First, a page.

The inspiration for the play is the poetry of Erofili Gerasimidou and a central image is the Bourboulia, a masked ball with a difference that forms a part of the Patras Festival. The play takes place in the city of Patras.

A couple of explanations may be helpful. In the Bourboulia, women attend the ball with their faces fully covered and frequently engage in sex with unknown partners. It is an expression of feminist freedom for one night and the event dates back to 1872. It may not be exactly Dionysian revels but one could find something bacchanalian in it.

The title of the play is a word coined by Ms Gerasimidou. It comes from the word ierosylia (ιεροσυλία) which means sacrilege. Ms Gerasimidou’s first name is formed from the words “eros” and “filia” which can mean a lover of eros. Erosylia may mean the theft of love. You may get a better understanding if you see the play.

Eri (Stella Makrogiannakou) and Maria (Stavroula Karnouskou) are cousins or maybe sisters and they live with Yiota (Irene Bithas) whom they address as mother. There are many facts that you will have to figure out for yourself and I will not spoil the plot for you by revealing too much.

Maria has been engaged to Petros (George Scandalis) for some ten years but he is not marrying her because he cannot afford it. Maria is a very nice and lovable girl. Eri is the wild type who goes out at night and her mother is furious with her to the extent of calling her a slut. Yiota is a very devout Christian but there is more to her religious zeal than meets the eye.

The girls get an invitation to the Bourboulia and Eri meets Petros there. We know that they have sex there but who else knows that for certain? And when is Petros going to marry Maria?

These are the questions and complications that will keep us busy for about three hours. The performance contains extensive reading of Ms Gerasimidou’s poems which are arranged chronologically like a diary of love and separation. We hear a voice over reciting lines of her poetry. Dramatic scenes are highlighted by background music which at times takes over.

There are nine roles in addition to the four major parts that I mentioned. Some are well defined like the ditzy Natasha (Elaine Sarantakos) and her boyfriend Antonis (Dimitri Hatzikonstadinou) but others are not as recognizable. The lack of a cast list with the roles they play does not help.

The set is indicated by minimal pieces of furniture. Yiota’s house has a table and a wall full of icons, the outdoor scene is indicated by a bench and a couple of flower pots, a bed is pushed on stage when necessary and the rest of the time they perform on an empty stage.

The play, at three hours including intermission, could use some dramaturgical surgery. Yiota’s confession, for example, even when delivered by Irene Bithas, can use some trimming. The voice over announcing the number of days and providing some kind of chronology needs to be clearer.

Theatre in impeccable Greek in downtown Toronto, written, directed and starring a young Canadian of Greek descent? And supported by what looks like a large segment of the Greeks of Toronto? And attended by a significant number of young people? Yes, to all.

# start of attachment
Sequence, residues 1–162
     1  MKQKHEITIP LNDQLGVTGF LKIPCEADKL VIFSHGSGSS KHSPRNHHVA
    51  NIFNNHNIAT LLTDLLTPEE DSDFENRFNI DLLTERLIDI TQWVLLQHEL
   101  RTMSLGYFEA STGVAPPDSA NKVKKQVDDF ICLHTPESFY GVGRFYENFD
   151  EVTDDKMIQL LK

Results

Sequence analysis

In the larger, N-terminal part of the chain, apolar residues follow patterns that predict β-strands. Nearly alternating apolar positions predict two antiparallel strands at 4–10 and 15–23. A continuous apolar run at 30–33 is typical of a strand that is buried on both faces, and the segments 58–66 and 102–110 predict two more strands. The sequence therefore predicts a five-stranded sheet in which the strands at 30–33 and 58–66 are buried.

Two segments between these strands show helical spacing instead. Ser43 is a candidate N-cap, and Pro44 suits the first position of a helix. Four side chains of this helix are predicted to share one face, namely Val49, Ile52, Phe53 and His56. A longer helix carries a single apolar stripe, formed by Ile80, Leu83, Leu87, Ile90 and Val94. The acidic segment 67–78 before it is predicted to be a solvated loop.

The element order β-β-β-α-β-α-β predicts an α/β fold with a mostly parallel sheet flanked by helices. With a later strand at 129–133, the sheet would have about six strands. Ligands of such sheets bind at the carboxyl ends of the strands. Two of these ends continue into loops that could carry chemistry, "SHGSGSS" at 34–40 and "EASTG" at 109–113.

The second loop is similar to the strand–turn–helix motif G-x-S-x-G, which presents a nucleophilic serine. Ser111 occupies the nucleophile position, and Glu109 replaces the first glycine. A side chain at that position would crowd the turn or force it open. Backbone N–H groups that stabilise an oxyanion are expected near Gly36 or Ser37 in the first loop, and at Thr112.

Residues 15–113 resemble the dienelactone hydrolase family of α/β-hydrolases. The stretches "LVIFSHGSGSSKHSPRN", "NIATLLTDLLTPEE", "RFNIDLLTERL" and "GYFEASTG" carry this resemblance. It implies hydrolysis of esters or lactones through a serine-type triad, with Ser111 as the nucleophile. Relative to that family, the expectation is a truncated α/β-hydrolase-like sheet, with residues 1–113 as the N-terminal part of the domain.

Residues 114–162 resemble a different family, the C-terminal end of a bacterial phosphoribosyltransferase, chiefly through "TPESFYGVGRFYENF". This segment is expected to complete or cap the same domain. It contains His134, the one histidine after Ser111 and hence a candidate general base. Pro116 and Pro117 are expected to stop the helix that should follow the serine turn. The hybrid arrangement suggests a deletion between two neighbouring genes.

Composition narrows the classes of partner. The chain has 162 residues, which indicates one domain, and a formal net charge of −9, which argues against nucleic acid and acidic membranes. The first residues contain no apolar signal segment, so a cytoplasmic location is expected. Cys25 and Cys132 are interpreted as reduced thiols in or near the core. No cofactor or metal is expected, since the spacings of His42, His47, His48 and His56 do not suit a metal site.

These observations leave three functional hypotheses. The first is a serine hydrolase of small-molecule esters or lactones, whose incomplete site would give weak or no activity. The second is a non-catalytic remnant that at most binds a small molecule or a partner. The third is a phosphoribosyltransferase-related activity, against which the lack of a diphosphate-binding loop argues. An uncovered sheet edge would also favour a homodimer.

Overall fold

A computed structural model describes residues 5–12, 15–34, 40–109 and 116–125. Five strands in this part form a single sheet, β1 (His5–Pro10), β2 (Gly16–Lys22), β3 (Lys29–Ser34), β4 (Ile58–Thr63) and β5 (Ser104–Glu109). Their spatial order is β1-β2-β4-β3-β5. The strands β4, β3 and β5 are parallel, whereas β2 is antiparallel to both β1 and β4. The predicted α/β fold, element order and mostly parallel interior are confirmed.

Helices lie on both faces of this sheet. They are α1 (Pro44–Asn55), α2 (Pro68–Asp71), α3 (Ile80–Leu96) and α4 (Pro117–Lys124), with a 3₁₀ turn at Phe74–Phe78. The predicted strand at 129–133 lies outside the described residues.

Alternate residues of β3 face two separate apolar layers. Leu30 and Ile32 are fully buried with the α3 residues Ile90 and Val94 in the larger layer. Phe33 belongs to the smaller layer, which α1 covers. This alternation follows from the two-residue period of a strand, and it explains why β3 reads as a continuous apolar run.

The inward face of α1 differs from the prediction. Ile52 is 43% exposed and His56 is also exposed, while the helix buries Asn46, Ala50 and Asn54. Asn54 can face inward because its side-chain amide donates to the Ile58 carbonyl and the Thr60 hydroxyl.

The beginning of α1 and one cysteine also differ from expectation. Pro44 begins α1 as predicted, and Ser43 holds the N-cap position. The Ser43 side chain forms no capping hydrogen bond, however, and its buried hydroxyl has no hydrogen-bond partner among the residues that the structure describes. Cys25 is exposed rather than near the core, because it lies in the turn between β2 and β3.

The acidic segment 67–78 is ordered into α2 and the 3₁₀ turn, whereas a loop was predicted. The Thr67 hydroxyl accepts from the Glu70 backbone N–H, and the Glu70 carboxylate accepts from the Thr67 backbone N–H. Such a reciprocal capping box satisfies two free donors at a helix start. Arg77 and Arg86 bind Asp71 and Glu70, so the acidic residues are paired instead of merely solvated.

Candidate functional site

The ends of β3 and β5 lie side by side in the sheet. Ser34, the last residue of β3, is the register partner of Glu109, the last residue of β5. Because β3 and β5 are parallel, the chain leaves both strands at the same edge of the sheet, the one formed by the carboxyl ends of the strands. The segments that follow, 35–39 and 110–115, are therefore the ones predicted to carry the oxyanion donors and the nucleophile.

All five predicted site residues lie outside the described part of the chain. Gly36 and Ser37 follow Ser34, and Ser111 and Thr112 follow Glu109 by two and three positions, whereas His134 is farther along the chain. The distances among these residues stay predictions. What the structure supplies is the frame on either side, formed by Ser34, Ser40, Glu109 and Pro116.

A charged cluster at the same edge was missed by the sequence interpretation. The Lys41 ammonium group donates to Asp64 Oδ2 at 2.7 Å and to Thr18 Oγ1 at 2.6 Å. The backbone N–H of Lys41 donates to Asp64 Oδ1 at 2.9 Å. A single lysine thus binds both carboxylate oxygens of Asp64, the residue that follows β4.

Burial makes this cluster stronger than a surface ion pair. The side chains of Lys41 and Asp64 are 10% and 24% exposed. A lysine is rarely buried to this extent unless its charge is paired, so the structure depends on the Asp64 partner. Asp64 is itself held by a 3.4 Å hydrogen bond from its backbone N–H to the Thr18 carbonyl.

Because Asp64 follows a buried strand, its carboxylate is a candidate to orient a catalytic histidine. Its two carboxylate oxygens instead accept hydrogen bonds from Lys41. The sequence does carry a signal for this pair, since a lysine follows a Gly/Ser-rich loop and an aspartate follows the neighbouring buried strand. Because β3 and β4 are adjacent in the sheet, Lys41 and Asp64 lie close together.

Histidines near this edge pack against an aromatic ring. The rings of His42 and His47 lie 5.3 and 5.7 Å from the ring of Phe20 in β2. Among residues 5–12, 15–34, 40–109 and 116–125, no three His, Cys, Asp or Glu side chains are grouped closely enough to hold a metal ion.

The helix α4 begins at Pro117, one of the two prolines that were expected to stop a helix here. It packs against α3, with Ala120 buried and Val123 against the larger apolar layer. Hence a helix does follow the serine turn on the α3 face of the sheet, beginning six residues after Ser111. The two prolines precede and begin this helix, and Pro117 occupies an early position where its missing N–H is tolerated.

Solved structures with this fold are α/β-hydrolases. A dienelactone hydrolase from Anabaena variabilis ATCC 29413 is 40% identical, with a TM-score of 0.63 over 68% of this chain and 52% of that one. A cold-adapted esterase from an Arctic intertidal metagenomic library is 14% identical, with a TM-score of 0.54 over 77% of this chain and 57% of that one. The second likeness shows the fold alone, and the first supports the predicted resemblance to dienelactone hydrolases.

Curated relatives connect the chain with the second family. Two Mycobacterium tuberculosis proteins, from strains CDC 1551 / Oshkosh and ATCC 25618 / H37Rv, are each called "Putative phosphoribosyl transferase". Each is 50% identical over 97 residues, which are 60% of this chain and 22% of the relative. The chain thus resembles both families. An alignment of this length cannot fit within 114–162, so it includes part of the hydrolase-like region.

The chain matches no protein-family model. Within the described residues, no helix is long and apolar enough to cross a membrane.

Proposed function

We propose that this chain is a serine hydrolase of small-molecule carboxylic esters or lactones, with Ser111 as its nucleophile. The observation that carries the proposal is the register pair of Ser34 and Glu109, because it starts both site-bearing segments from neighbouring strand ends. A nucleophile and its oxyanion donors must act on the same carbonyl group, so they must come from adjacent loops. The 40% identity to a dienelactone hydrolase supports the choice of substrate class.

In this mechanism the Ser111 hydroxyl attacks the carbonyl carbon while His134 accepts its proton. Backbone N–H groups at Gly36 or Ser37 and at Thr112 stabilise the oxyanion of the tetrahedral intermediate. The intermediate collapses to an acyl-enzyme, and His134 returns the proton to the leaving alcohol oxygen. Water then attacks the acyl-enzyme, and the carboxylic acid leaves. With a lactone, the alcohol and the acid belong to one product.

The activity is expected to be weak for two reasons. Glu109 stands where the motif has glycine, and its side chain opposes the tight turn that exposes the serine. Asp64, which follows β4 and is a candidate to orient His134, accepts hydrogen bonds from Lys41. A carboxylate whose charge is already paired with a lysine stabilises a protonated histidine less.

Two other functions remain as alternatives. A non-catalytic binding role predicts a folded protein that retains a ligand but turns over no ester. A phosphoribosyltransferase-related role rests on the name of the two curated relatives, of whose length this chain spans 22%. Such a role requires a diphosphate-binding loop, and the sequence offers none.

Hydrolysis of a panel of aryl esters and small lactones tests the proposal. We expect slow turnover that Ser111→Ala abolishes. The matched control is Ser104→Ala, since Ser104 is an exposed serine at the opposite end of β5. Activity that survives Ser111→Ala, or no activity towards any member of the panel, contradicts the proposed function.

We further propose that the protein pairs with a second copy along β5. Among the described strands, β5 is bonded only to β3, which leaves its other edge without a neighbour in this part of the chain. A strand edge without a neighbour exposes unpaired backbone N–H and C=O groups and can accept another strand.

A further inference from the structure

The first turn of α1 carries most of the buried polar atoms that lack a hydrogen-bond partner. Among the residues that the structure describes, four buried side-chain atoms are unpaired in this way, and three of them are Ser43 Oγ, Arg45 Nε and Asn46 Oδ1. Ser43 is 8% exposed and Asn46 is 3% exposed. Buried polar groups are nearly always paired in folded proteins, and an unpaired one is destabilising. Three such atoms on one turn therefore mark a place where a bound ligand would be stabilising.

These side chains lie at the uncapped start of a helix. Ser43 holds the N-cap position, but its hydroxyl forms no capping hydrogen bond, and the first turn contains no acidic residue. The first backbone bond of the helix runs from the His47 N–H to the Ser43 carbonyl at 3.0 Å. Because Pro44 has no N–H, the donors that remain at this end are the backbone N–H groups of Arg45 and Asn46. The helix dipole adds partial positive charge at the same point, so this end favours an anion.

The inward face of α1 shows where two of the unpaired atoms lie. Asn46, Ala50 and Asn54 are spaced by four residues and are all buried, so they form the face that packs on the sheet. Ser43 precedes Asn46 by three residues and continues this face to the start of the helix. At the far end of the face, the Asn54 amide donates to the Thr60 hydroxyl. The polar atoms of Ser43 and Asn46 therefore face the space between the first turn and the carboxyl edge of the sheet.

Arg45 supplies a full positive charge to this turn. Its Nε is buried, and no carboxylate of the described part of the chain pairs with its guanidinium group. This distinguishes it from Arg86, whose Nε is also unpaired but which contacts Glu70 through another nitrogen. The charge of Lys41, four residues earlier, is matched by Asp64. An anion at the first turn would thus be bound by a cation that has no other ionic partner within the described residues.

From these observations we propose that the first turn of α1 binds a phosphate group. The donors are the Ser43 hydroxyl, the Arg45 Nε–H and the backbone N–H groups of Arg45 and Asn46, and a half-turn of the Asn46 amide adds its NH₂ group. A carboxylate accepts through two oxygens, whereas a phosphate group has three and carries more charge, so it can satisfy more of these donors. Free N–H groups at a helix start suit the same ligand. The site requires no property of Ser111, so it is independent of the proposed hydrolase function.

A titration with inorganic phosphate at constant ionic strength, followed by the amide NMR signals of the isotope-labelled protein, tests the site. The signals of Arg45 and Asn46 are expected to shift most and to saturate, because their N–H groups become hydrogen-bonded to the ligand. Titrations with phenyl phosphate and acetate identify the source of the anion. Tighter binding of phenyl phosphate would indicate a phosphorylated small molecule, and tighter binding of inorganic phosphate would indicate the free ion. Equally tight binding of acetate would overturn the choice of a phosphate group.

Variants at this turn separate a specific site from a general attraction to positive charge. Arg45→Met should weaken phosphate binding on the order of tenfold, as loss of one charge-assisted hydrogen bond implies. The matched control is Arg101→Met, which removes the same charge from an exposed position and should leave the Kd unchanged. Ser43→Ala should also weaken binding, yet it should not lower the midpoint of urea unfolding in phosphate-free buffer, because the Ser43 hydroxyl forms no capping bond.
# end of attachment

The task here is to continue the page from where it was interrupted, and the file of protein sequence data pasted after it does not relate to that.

Oi Erosylies (Οι Ερωσυλίες) by George Scandalis opened on November 22 and will be performed ten times until December 2, 2018 at the Alumnae Theatre, 70 Berkeley Street, Toronto, Ontario. www.tentoneproductions.com


James Karas

Ellie Moon’s What I Call Her delivers a solid punch, both physical and emotional, in its climactic scene. The play builds up to an even higher emotional apex after that with some outstanding acting by Ellie Ellwand and Charlie Gould. Unfortunately there are problems with the breadth of the play and the road to the final, enigmatic resolution.

Kyle (Michael Ayres) and Kate (Charlie Gould) are a young couple, living in a simple apartment in the Leslieville part of Toronto. They are affectionate and apparently well suited for each other. We quickly find out that Kyle comes from a very happy family whereas Kate was raised in a dysfunctional household and harbours deep-rooted hatred and revulsion against her mother and her sister.
Michael Ayres and Charlie Gould. Photo: Dahlia Katz
We will soon find out that there are some serious fissures in Kyle’s ideal family but that will be only a minor sideline.

Kate’s mother is in a hospice on death’s door and Kate has started writing her obituary. As the plot develops, the obituary takes and maintains the central focus for far too long. We slowly realize that Kate in her recollection and hatred of her family may be relating events that did not happen, myths that she has created or reliving her own psychoses.

When her sister Ruby (Ellie Ellwand) appears, unexpected and unwanted, Kate’s precarious emotional balance explodes in an expression of hatred and other complex feelings about her.

The sisters go through a roller coaster of emotions about their relationship and their relationship with their mother. The mother was sexually abused as a child and was a seriously damaged human being. Her children have inherited, perhaps, her damaged personality but are largely unaware of it and blame the mother for abusive conduct, which, as I said, may have little or no basis in reality.

Gould and Ellwand display some incredible emotional intensity in their acting. Ayres as Kyle is stuck between the two sisters deflecting shocks and being treated to some abuse himself.
Charlie Gould and Ellie Ellwand. Photo: Dahlia Katz
The problem is that there is not sufficient objective correlative to the emotional reactions. Kate is writing an obituary before her mother is dead that she does not intend to publish. Is she doing it for therapeutic reasons, for posthumous revenge, for expiation of her feelings towards her mother and her sister? Possibly. It is a thin plot device that does not sustain the play to the heights that Ellie Moon seems to have intended.